U.S. Senator Bob Menendez‘s lawyers go to a federal appeals court Monday. Three judges will look at how far how his legislative work can shield him from prosecution. He faces a dozen charges, including bribery, conspiracy, and honest services fraud.
The ironic thing is what his attorneys will use to protect him: the speech or debate clause of the U.S. Constitution.
Look at it, from Article I, Section 6: Senators and House Representatives “shall in all cases, except treason, felony and breach of the peace, be privileged from arrest during their attendance at the session of their respective Houses, and in going to and returning from the same; and for any speech or debate in either House, they shall not be questioned in any other place.”
Most important for this case, it can keep acts done for the legislature from being included as evidence in a trial. It’s an anti-corruption text, actually intended to protect legislators from crooked adversaries who want them behind bars.
Menendez is accused of accepting bribes from a Florida eye doctor, Salomon Melgen. The Justice Department says the cash was for the Senator to lobby on Melgen’s behalf when meeting with then-Health Human Services Secretary Kathleen Sebelius, acting Medicare administrator Marilyn Tavenner, and then-Iowa Senator Tom Harkin. There’s also the matter of allegedly helping Melgen’s contract for port cargo screening equipment in the Dominican Republic.
“Every act the indictment alleges Appellant and his 13 staffers took was designed and intended to influence the Executive Branch in Melgen’s favor,” prosecutors wrote. “The Speech or Debate Clause cannot save Appellant from its charges.”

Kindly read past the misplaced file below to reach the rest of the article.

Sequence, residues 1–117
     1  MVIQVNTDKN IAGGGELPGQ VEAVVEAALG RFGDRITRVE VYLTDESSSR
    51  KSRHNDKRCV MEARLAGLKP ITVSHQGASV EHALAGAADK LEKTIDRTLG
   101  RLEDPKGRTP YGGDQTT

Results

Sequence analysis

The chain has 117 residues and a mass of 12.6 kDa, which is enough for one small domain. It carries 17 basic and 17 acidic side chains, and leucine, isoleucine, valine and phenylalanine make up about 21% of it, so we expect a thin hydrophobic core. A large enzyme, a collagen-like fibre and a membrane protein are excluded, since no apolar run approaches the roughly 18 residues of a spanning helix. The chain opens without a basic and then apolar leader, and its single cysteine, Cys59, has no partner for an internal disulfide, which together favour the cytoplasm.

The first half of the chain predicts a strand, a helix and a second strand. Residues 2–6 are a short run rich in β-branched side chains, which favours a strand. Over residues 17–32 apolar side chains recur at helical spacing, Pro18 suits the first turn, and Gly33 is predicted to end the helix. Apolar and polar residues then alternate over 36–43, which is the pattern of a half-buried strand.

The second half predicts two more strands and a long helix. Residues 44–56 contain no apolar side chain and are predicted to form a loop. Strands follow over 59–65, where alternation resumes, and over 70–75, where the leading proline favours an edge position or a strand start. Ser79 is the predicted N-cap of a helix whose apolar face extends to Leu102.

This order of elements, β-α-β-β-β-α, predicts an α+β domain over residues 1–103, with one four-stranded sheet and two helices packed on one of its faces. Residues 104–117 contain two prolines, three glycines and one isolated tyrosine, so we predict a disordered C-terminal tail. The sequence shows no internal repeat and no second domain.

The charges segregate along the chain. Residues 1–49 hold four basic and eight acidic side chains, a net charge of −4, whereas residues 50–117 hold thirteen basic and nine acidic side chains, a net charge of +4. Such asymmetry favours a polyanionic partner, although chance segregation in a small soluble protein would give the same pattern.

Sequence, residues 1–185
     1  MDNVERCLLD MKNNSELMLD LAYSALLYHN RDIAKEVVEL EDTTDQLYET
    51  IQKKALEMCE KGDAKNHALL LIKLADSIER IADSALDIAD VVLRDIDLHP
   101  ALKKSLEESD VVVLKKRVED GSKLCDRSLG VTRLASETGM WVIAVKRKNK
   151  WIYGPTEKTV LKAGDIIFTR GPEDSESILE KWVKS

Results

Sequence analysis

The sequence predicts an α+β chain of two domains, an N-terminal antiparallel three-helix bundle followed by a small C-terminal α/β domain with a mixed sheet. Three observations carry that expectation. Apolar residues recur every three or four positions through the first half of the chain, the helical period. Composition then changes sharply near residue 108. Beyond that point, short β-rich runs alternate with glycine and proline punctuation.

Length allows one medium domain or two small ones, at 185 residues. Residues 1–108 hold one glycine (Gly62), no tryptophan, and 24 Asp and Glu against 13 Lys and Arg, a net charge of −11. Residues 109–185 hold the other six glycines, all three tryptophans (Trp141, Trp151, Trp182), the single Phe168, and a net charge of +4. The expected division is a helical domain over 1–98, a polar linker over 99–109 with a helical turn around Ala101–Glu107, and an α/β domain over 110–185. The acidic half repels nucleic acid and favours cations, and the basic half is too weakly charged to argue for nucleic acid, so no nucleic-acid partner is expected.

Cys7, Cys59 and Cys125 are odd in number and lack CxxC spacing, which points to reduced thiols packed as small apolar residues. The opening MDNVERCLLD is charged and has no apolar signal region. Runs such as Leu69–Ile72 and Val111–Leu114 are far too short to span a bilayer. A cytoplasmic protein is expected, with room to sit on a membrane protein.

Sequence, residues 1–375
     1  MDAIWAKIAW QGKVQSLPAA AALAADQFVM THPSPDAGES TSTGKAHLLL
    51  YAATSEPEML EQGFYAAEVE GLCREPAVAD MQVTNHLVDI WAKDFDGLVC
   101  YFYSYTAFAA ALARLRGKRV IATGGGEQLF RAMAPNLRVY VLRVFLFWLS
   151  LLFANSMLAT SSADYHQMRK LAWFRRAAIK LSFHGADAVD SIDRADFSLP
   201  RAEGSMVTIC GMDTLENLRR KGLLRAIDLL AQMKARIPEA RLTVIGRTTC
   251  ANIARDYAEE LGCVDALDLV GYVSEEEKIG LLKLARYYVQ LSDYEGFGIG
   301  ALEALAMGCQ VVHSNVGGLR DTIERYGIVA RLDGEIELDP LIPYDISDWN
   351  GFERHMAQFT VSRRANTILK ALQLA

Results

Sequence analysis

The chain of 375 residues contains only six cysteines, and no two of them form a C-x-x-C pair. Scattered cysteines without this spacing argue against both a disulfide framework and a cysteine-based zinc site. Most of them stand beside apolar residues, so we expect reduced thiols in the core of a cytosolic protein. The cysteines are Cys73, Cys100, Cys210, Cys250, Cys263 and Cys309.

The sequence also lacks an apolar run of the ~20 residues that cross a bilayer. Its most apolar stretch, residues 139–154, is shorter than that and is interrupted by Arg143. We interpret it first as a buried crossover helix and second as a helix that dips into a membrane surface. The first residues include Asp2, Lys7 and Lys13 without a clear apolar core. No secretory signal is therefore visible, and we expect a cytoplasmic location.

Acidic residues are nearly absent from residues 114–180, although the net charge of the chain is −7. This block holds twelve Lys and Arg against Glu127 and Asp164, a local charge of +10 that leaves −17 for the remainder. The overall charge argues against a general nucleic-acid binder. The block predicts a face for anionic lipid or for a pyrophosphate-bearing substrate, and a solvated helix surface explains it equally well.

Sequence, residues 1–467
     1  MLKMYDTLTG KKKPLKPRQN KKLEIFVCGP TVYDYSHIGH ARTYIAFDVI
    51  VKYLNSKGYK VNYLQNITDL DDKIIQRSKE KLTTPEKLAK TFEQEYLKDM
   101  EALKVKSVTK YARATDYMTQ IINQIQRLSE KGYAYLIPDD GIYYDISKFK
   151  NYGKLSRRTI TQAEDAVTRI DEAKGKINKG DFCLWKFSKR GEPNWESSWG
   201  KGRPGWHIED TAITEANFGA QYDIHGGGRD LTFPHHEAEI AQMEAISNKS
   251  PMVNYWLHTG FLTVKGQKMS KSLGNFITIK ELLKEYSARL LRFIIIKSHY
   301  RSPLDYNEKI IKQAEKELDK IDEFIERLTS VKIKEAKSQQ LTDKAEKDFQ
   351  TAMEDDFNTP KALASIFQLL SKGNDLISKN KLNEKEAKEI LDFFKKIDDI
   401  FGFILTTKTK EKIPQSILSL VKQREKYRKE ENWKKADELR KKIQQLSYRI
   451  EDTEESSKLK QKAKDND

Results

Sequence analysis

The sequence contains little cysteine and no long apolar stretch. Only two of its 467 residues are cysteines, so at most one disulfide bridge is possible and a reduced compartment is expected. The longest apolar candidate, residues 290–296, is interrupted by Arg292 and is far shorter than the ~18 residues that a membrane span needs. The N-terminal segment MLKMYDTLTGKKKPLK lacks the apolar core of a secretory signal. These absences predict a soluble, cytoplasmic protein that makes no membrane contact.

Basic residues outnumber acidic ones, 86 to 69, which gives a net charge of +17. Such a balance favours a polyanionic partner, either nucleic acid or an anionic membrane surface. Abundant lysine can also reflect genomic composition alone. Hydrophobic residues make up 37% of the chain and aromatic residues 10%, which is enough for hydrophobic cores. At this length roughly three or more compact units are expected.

Kindly remind yourselves that Sebelius and Tavenner would have been acting under the president’s umbrella here, not Congress’, so the speech or debate clause might not work as a defense. Of course, Menendez’ attorney say his hands are clean, and have managed to postpone a trial scheduled for 2015. Hence, why the appellate judges are looking at this case now.
“The challenge [for the prosecution] is going to be showing that Menendez was doing something different or out of the ordinary for this particular constituent as opposed to what a senator or congressman does generally,” said Lee Vartan, a former U.S. Attorney, to the Associated Press. Menendez’s case might be stronger than the Justice Department insists. “I think he has a shot, given the fact there’s not a lot of case law. It’s uncharted territory to some degree.”
The Senator’s office have always claimed he was innocent. “As we have said before, we believe all the senator’s actions have been appropriate and lawful and the facts will ultimately confirm that,” wrote Tricia Enright, his communications director, right before the criminal charges were filed in March, 2015.
[h/t Associated Press]
[image via CSPAN screengrab]
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